Sentence 1:The District Attorney is coming to visit us on Wednesday.

question: Why is District Attorney capitalized as a proper noun? Is it because 'District Attorney' substitutes for a person's name whether the surrounding text reveals the person's name earlier or not? Or is it because we are referring to a specific person whether the person's name is mentioned in the surrounding text earlier or not? What is the rule/(s) please?

1 Answer 1


You would expect a title to be capitalised when it is unique and you are naming that unique role.

In your example, you used 'district attorney' with the definite article, 'the', making it unique. There may be many district attorneys, but in any specific area there will perhaps be just one, making it unique in that context.

For example:

  • He works as a district attorney.
  • He is the District Attorney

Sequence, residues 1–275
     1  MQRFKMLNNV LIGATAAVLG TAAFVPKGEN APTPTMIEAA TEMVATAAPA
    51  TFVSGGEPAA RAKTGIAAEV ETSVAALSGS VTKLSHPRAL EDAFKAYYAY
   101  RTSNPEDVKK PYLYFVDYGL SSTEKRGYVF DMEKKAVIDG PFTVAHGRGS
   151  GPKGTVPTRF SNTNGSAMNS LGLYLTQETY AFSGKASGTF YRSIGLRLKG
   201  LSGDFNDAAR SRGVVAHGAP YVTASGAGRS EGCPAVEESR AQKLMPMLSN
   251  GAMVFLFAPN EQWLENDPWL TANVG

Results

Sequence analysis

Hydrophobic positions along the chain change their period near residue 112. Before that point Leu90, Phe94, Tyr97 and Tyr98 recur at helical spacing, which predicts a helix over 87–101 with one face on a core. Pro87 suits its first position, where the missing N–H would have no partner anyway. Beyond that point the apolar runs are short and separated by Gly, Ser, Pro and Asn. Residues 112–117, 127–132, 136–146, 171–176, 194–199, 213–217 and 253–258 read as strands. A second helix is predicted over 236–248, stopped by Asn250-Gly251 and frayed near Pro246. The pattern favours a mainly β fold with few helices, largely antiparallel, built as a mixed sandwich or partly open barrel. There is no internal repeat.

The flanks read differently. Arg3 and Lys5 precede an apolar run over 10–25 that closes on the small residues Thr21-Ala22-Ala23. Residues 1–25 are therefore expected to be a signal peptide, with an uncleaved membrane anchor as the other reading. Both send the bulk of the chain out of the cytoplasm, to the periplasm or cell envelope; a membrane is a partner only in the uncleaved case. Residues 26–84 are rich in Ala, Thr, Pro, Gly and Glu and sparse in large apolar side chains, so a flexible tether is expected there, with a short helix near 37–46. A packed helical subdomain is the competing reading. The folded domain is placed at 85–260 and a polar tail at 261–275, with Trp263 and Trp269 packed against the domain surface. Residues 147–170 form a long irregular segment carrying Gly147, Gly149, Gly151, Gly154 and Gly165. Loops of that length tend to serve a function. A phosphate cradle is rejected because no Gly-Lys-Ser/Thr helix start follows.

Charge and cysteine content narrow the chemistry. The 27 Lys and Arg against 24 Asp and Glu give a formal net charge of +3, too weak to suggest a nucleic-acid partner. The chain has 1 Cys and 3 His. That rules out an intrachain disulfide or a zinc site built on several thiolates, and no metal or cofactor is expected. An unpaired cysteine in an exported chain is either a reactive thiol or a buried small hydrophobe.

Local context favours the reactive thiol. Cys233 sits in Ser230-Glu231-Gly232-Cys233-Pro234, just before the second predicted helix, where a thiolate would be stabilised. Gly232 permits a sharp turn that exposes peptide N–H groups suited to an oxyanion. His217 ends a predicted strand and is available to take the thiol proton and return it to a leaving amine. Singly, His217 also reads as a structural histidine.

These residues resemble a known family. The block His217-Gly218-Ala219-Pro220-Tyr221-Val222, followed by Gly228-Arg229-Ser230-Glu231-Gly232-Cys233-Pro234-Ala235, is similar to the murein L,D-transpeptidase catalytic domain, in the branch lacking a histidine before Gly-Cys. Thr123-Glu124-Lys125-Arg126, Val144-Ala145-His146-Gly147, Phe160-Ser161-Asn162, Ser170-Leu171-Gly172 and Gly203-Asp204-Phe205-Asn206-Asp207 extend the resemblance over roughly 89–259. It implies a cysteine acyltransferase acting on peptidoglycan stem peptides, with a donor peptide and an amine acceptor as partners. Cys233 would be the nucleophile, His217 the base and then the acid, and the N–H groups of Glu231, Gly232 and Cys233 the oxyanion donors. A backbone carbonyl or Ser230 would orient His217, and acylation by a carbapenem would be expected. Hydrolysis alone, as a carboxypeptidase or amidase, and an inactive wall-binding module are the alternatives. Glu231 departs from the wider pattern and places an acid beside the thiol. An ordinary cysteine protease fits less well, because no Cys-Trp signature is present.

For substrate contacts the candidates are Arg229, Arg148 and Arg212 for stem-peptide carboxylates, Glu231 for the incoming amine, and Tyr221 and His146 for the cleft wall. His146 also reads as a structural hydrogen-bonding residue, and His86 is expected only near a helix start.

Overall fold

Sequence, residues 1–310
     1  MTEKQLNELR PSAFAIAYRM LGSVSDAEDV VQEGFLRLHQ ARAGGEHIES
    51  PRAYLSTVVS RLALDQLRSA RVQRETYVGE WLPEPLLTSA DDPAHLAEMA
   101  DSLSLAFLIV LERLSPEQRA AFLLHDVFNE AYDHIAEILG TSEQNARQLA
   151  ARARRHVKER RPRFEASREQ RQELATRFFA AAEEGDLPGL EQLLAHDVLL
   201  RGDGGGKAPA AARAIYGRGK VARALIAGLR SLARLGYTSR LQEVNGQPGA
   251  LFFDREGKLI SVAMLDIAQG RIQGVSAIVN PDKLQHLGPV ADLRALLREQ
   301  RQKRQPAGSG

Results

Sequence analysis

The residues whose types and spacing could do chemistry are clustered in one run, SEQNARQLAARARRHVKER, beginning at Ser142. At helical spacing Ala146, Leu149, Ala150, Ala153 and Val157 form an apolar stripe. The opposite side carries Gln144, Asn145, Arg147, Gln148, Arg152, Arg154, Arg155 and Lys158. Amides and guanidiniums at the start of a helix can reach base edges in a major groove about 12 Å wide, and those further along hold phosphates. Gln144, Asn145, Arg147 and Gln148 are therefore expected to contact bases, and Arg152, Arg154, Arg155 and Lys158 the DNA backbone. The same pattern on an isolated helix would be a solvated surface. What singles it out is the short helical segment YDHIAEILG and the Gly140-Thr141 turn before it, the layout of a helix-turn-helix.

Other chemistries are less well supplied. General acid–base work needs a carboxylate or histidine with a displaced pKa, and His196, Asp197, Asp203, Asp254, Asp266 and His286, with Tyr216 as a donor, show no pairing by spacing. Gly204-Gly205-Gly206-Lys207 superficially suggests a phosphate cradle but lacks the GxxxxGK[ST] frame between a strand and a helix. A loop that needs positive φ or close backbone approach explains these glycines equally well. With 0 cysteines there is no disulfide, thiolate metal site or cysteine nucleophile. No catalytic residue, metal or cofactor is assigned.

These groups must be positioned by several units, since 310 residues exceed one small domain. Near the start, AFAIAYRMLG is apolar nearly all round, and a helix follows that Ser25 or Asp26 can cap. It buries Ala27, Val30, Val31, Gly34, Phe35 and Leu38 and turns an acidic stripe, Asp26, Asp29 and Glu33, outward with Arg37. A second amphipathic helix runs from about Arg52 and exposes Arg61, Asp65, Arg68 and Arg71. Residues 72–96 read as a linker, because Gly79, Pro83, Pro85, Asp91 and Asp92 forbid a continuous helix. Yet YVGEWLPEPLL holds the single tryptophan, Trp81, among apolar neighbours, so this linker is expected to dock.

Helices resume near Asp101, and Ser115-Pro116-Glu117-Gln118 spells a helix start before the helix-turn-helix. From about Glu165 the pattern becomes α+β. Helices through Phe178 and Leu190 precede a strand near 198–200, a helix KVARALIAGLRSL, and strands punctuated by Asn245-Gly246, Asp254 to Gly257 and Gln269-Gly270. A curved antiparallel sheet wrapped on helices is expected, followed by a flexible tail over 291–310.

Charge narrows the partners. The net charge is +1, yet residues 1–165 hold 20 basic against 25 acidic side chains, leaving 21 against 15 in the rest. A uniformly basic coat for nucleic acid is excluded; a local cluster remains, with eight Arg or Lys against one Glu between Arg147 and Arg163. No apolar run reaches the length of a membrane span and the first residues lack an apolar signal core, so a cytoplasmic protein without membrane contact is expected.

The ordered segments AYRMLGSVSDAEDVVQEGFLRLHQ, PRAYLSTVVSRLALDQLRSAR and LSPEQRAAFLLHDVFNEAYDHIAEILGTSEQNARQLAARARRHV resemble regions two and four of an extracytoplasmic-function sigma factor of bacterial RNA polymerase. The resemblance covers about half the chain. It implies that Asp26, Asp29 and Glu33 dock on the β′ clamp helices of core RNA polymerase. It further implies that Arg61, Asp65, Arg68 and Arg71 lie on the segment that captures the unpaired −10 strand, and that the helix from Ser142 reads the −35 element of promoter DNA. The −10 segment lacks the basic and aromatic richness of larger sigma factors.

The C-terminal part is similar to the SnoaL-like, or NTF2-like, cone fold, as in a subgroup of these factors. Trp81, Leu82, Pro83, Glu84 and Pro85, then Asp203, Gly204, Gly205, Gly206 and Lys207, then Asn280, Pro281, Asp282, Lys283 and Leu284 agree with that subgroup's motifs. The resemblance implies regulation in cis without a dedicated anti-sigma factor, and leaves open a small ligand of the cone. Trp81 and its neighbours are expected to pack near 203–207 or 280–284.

Also consider whether you are using it as a title or not. For example, lets say your job title was "Senior Writer", and that was a unique role at your workplace. Nobody else held that title; however, there are many other writers. You might say "I am the Senior Writer", using your full title, but you might also say "I am the senior writer", using 'senior' as an adjective and 'writer' as a non-unique name for your role. You are, in fact, saying that you are senior among all the writers. It is possible that "district attorney" could be used the same way, with 'district' acting as an adjective to set the position apart from other attorneys.

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